Ransomware is not over: Lessons learned from the latest real-world attacks
By CJ Dietzman
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During Cybersecurity Awareness Month, it’s timely to reflect on some of the recent ransomware attacks that have occurred across industry sectors, including some very high-profile incidents occurring as recently as September. There are several factors enabling these attacks:
- Social engineering and the exploitation of human behavior continue to work for cyber criminals, as they leverage methods and techniques that target employees, staff and other personnel to achieve intended results.
- Technical vulnerabilities across the IT architecture are still offering a vast array of attack vectors and opportunities for cyber criminals to gain access to critical systems and sensitive data.
- Cyber incident readiness and response planning must be continuously monitored, reviewed, tested and enhanced. Weakness in incident response plans and procedures often contribute to costly errors and missteps for organizations during a cyber incident and crisis.
- Stagnant controls and weak spots in security tools, processes and configurations can lead to a false sense of security and readiness. Identifying the right security controls and tools is just one step in maintaining a reasonable cybersecurity architecture.
Four immediate steps for organizations to take to improve cybersecurity and resilience programs:
- Revisit incident response plans – It may be time to take a fresh and more critical look at existing IR plans and ask some key questions. Is the scope of the existing plan sufficient, based on recent changes to the organization’s business, technology stack and population of third parties? Have the right stakeholders been engaged in the development of the plan? When was the last test or tabletop exercise conducted, and was the scope and approach aligned with today’s most likely cyber threats?
- Drive for heightened cyber awareness - Enhance the organization’s approach to cybersecurity awareness and training by investing in more dynamic, engaging and effective methods. This should include more dynamic engagement with staff, employees and other resources, including a multi-layered approach throughout the year.
- Integrate cyber risk management, security and business leadership – In order to address the ever-evolving cyber threats facing organizations today, an effective approach demands that risk managers bring the best of the organization’s leadership to address the challenge. This requires input from a cross-disciplined team of stakeholders, in order to ensure the organization has truly optimized its cyber posture. The risk manager can serve as the “lynch pin” in the process.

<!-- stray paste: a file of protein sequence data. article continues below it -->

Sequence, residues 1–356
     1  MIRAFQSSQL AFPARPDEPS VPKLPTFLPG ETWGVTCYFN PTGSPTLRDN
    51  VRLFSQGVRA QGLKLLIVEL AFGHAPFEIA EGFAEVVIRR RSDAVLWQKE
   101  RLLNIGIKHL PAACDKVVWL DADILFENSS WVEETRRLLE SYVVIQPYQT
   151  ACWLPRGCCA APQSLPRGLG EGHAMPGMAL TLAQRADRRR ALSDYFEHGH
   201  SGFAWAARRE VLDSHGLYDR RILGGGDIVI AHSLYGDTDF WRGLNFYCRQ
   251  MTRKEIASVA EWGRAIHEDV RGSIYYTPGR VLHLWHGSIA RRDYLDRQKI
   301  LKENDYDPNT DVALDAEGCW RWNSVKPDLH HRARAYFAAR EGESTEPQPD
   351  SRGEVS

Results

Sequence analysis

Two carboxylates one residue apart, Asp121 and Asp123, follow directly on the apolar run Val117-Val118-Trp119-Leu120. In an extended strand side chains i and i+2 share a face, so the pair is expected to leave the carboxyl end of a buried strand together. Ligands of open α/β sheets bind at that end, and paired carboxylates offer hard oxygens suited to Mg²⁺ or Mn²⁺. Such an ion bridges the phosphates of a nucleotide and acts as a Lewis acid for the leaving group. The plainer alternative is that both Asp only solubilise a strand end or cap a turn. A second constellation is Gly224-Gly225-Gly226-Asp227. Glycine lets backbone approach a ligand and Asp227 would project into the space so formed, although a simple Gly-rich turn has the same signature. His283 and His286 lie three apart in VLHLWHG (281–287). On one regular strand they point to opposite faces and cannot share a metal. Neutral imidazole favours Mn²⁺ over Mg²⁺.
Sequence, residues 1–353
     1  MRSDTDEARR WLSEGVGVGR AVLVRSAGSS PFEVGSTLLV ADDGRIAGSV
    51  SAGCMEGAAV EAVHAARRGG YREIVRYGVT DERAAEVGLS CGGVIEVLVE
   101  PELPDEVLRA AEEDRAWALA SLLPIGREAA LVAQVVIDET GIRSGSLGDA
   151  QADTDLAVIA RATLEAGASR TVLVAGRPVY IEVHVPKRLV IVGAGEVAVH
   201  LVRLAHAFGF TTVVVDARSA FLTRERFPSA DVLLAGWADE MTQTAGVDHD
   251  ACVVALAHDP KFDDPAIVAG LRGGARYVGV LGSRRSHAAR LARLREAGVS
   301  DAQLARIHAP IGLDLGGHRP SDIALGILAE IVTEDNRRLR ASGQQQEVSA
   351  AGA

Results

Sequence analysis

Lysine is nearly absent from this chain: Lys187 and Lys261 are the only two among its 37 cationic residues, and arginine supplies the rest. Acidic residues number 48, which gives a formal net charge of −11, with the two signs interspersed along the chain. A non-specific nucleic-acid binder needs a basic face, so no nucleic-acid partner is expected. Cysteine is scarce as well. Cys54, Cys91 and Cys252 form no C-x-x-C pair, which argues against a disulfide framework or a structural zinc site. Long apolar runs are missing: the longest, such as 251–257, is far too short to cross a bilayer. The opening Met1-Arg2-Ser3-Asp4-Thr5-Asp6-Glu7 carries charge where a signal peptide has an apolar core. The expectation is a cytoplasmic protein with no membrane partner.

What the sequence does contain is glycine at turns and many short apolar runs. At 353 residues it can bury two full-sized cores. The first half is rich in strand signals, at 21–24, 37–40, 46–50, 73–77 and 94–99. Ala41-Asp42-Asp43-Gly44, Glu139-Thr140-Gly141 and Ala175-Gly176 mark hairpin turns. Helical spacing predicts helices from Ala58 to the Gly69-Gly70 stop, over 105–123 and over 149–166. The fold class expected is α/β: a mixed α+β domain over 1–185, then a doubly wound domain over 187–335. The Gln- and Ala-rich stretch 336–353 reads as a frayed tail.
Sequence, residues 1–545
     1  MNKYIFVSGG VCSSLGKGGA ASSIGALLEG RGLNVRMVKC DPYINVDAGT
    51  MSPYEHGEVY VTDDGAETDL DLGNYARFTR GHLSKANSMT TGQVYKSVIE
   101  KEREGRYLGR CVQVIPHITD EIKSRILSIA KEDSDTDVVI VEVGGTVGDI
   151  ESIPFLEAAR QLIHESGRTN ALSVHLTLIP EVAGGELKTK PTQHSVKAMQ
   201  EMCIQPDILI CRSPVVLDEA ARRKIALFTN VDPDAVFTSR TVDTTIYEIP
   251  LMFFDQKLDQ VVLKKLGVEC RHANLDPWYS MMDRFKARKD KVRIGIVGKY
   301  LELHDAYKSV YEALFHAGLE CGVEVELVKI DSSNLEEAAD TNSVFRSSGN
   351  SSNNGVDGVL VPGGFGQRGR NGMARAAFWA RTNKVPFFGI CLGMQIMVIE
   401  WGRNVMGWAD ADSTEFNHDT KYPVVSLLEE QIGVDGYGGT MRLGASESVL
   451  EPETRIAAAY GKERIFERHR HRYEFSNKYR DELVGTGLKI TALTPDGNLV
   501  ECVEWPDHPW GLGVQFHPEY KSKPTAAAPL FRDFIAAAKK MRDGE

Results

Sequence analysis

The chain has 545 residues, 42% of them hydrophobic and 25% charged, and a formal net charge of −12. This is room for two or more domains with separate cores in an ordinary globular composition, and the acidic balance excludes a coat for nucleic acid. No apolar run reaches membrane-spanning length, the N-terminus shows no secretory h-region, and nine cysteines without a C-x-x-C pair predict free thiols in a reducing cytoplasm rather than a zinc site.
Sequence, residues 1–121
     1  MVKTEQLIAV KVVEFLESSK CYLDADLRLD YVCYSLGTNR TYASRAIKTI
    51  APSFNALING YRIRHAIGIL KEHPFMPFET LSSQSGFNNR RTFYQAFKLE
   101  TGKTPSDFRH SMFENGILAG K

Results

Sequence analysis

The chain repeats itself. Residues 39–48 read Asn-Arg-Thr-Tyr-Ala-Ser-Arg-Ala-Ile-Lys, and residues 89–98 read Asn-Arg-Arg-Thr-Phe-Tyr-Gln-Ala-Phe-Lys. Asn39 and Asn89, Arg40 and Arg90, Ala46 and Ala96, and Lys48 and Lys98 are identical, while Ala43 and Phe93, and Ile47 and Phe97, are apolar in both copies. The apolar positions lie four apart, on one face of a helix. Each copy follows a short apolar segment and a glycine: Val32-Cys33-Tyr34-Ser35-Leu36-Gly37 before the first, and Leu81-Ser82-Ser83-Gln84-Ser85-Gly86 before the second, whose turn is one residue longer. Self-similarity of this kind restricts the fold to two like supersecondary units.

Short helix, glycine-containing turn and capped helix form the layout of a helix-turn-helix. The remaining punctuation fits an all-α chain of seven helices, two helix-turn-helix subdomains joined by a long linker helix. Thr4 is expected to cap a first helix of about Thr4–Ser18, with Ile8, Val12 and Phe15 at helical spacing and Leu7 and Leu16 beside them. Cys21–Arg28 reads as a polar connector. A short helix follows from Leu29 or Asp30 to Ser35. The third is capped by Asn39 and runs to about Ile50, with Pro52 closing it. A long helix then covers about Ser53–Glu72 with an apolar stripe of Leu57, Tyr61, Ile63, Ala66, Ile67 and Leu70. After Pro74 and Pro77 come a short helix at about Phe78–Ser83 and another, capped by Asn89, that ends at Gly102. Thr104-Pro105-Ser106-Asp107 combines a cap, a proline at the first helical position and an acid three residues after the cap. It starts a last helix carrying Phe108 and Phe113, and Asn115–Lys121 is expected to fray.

- Enhance vigilance in security controls – A foundation of integrated cybersecurity controls, policies, procedures and tools are critical to any organization’s cyber risk management program. It’s no longer sufficient to rest on the laurels of yesterday’s controls; there must be ongoing monitoring of these controls, in addition to validation, independent testing, remediation and enhancement. In order to provide a reasonable and defensive level of cyber resilience for an organization, the level of innovation and enhancement in organizational security must consider the current and future state of cyber threat activity.
At Alliant Cyber, we are proactively working with our clients to deploy an integrated approach to cyber risk management, including assessing, quantifying, mitigating and transferring cyber risks. Our clients are seeing better cyber insurability outcomes and positioning themselves in an improved overall cyber security posture against emerging threats.
Alliant note and disclaimer: This document is designed to provide general information and guidance. Please note that prior to implementation your legal counsel should review all details or policy information. Alliant Insurance Services does not provide legal advice or legal opinions. If a legal opinion is needed, please seek the services of your own legal advisor or ask Alliant Insurance Services for a referral. This document is provided on an “as is” basis without any warranty of any kind. Alliant Insurance Services disclaims any liability for any loss or damage from reliance on this document.
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